Written by Michael Marsh
In the world of smooth jazz music, it is normally the case that when an artist releases a new CD, it will include one or two covers of other artist’s songs. The cover songs will usually consist of a jazzed up version of a popular hip hop song, or some R & B classic from the past few years.
Despite my expectation that covers will normally be done on smooth jazz projects, with the exception of Streetwize and Hidden Beach, I normally steer clear of a CD when I see that an artist is releasing a new CD that consists entirely of other artist’s songs. When I see that, my first thought is that perhaps the artist has fallen into a creative funk in terms of being able to create his/her own material.
Despite my usual reservations, I took a chance on Peter White’s latest release, “Playin’ Favorites”, and I’m glad I did. With his June 27th release on the Columbia/Sony Legacy label, Peter White presents us with his interpretation of eleven classic songs, popularized by a wide range of artists over the past few decades. I decided to get this CD because White manages to select songs which, for the most part, haven’t been covered by many other artists.
I won’t comment on all of the songs on the CD, because I’m sure you’ll be familiar with all of them anyway and White does them all very well. The first four tracks consist of "What Does It Take (To Win Your Love)", "The Look Of Love", "Deja Vu", and "Mister Magic".
One of my favorite cuts from the CD appears at Track 5. On this track, Peter White presents us with a very well done version of Bill Wither’s soul classic, “Lovely Day”. Johathon Butler adds an assist on “Lovely Day”, with his unique voice “wailing” gently in the background.
With the sixth cut, White keeps the mellow groove churning with his version of Van Morrison’s “Crazy Love”, that was popularized a few years ago by Brian McKnight. On this one, White adds a little reggae flavor that I swear almost makes me hear Bob Marley’s voice wailing in the background, even though there is no vocal accompaniment at all on White’s arrangement.
"Sunny" appears at Track 7, followed up by the Isley Brothers’ "For The Love Of You".
On the ninth track, White reaches real deep into the classics bin and pulls out his version of “Hit The Road Jack”, popularized by the one and only Ray Charles back in the 60’s. This one really took me back to my childhood days when my parents would have a group of friends over to the house and they’d be sitting around in the living room and dining room, listening to Ray Charles and other popular artists of that time, talking and laughing, drinking plenty of their favorite alcoholic beverages, filling the place with cigarette and cigar smoke, playing cards and, just having a natural ball. Those were good times and White definitely captures that spirit of fun, even though his version is much mellower than the original.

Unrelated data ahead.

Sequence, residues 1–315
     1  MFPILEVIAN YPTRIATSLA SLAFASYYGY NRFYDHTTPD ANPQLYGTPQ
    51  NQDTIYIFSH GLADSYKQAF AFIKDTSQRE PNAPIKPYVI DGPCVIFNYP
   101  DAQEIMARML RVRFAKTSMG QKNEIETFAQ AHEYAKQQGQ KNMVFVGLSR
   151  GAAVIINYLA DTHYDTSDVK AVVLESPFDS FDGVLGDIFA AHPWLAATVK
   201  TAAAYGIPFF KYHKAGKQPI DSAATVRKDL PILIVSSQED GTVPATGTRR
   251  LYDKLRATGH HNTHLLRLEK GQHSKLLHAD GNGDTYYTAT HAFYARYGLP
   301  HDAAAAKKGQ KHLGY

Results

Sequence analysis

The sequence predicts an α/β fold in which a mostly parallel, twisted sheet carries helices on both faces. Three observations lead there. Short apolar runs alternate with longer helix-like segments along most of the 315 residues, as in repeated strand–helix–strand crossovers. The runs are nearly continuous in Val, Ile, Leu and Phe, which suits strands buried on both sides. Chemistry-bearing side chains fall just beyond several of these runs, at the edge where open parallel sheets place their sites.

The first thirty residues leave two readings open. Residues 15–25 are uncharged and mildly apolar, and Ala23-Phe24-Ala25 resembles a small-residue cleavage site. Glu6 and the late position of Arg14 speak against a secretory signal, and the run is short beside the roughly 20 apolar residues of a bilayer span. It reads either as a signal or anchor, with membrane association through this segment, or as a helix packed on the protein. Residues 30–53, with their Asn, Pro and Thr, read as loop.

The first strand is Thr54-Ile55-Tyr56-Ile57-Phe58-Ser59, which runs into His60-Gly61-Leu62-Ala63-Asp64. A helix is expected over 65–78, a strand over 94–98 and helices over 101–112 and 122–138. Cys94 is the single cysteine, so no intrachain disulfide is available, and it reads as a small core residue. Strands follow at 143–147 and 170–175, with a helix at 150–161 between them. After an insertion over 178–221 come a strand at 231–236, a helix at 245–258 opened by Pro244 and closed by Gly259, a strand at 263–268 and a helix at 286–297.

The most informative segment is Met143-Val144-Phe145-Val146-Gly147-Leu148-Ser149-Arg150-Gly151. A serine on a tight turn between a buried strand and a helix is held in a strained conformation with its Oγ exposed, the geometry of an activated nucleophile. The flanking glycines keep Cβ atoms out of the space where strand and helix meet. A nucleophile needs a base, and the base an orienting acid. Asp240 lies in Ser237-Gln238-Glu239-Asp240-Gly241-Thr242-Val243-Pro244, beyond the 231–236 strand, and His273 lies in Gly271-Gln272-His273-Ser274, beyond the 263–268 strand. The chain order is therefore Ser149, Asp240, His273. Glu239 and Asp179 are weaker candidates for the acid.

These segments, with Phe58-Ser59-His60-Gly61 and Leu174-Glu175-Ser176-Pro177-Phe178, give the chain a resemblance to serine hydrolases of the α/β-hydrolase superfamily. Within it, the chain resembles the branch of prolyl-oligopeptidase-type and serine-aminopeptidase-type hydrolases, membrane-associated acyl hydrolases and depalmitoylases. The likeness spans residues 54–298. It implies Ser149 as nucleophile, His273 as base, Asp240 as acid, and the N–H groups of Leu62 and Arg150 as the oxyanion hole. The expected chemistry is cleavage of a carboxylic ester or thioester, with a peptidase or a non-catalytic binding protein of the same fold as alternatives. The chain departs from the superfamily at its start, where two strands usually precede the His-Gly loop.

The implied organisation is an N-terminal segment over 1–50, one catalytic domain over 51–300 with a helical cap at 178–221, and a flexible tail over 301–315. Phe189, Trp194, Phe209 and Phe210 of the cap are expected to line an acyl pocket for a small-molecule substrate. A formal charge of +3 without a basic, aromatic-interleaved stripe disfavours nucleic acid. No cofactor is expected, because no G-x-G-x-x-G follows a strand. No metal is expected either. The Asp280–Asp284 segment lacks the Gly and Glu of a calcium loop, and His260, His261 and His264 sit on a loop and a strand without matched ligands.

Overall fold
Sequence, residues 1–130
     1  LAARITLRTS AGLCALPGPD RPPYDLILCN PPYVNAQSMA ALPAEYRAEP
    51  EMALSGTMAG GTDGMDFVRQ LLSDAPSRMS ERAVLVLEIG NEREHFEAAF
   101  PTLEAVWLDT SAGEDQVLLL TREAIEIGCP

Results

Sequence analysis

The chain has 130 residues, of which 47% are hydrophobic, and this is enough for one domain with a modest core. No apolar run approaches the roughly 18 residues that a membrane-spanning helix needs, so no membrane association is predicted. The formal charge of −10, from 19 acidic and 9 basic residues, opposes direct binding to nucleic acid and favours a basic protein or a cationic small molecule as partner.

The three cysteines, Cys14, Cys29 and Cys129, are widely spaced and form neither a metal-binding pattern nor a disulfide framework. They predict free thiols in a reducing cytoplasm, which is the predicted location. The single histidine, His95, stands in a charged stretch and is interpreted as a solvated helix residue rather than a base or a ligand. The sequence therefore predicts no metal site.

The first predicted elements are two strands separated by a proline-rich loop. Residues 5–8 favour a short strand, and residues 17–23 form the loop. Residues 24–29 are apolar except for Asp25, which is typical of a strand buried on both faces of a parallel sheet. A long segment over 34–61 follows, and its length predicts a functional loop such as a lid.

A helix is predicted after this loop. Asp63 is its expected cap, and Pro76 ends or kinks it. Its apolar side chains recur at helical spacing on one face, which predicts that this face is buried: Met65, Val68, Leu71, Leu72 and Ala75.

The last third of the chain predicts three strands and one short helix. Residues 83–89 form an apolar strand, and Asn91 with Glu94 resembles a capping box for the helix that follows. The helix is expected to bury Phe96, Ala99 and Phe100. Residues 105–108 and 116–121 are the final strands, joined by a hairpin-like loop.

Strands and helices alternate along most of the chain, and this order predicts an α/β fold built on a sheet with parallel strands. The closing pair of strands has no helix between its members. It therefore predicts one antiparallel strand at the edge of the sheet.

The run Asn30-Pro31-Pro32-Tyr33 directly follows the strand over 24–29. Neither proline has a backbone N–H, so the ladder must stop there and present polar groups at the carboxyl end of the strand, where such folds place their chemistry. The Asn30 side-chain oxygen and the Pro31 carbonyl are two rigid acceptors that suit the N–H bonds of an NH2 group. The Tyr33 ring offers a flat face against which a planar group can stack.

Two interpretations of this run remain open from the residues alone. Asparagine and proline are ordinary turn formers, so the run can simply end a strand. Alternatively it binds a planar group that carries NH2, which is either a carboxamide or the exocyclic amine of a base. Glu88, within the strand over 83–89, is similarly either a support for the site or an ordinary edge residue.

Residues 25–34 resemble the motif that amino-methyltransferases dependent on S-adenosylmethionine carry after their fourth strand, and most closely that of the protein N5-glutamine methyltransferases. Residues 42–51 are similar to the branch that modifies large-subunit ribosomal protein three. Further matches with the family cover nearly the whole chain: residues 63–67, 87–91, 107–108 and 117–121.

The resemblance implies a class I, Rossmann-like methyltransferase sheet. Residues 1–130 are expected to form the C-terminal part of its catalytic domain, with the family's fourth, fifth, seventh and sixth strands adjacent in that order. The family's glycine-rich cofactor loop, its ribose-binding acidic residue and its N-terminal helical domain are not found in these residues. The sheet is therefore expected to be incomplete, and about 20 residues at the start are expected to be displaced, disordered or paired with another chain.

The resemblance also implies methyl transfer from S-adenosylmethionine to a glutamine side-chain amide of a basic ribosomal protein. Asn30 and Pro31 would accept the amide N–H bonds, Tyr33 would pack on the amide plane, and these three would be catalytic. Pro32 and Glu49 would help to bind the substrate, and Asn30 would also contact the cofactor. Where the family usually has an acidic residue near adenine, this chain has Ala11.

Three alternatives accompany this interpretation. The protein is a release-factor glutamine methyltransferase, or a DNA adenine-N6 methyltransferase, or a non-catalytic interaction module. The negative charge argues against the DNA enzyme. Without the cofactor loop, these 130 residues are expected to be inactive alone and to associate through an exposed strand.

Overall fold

Jeffrey Osborne helps out White on the next cut, “You Are Everything”, adding his mellow voice to White’s mellow guitar, also joined by Richard Elliot‘s smooth sax work. This is a nice one. White finishes off his CD with a very nice rendition of the Hall & Oates classic, “One On One”. I haven’t heard this song in a long time, and I am really glad that White decided to add it to his collection here.
For the most part, this is a very mellow CD and, it is definitely not a CD that you want to have playing in the car if you’re driving on the highway on a long trip, at 2:00 o’clock in the morning. You’ll wake up and find your car in the guardrail, if you do. However, if you’re laying back in your easy chair, sipping on your favorite beverage and just chilling, you’ll love it.
Despite the fact that there’s nothing original on it, I give this CD four stars out of a possible five, because of the songs that White selects and the well done manner in which he presents each song.
Michael Marsh is the jazz reviewer for TNCP. To make contact, you may e-mail him at
firstname.lastname@example.org for review.